• Petition the court with a sworn affidavit
  • A court hearing is held for involuntary assessment
  • The defendant is held for up to five days for medical and mental health evaluation
  • If found impaired, the court will issue order for involuntary treatment of up to 60 days
  • If the defendant refuses, they are held in civil contempt of court
If you have concerns about the welfare of an addicted loved one living in Florida, we would like to offer our addiction treatment services. If you need help with the process, you can contact us at 800-737-0933.

What Are the Similarities and Differences Between Different Opioid Drugs?

Opioid is the general term for a narcotic derived, ultimately, from the opium poppy. Opiates are natural opioids. Some of these drugs are prescribed to control pain while others, such as heroin, are illegal. All of them are similar in that they lock into receptors in the central nervous system, which is made up of the brain and the spinal cord. Opioids can be problematic because along with pain relief many of them cause an intense euphoria when they are taken. This can lead to dependence and addiction. People can overdose on opioids, though the symptoms can be reversed by taking an opioid antagonist called naloxone. Naloxone also locks into opioid receptors, but it doesn’t produce the euphoria associated with opioids such as heroin. Here are some opioids:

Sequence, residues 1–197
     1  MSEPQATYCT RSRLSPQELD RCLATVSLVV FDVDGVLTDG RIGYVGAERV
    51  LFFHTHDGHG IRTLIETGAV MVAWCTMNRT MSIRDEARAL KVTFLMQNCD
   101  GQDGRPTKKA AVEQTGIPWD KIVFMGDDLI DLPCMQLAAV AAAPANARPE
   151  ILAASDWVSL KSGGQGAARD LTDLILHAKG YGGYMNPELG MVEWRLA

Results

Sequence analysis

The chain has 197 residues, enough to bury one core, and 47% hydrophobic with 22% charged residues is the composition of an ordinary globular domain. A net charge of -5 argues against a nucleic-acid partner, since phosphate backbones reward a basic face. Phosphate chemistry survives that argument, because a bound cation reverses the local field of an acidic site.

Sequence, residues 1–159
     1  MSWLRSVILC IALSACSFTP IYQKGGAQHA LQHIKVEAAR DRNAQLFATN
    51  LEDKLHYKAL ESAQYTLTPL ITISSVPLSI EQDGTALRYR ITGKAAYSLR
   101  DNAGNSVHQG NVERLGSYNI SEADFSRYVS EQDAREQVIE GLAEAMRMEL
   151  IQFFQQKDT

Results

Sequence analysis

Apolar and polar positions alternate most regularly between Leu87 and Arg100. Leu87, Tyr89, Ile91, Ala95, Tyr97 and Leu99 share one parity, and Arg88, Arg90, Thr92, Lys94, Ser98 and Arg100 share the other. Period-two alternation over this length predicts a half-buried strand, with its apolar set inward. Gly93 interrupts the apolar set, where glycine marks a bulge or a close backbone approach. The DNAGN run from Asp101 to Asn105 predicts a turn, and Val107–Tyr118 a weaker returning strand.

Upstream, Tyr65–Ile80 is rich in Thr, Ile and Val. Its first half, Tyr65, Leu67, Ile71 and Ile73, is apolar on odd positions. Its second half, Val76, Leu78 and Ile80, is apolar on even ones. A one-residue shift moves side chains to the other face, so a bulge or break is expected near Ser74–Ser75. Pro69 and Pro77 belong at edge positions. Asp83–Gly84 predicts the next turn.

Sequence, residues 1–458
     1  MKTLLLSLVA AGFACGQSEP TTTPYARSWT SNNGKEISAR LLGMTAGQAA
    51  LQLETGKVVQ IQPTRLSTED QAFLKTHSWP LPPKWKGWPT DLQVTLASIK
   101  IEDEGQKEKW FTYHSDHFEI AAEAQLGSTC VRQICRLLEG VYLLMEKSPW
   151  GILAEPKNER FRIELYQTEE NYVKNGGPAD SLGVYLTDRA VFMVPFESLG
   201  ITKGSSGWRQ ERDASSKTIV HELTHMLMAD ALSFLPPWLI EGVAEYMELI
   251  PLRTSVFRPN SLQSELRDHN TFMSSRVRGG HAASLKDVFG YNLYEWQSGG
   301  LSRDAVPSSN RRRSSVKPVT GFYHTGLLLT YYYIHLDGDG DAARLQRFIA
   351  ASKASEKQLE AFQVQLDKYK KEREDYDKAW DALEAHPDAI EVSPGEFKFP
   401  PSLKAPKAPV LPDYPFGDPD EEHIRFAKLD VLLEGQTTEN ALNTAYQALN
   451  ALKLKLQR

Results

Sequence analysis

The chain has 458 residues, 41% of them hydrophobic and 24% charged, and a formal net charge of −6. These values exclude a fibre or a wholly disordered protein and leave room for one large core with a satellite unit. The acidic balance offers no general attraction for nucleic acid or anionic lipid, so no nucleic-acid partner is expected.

Heroin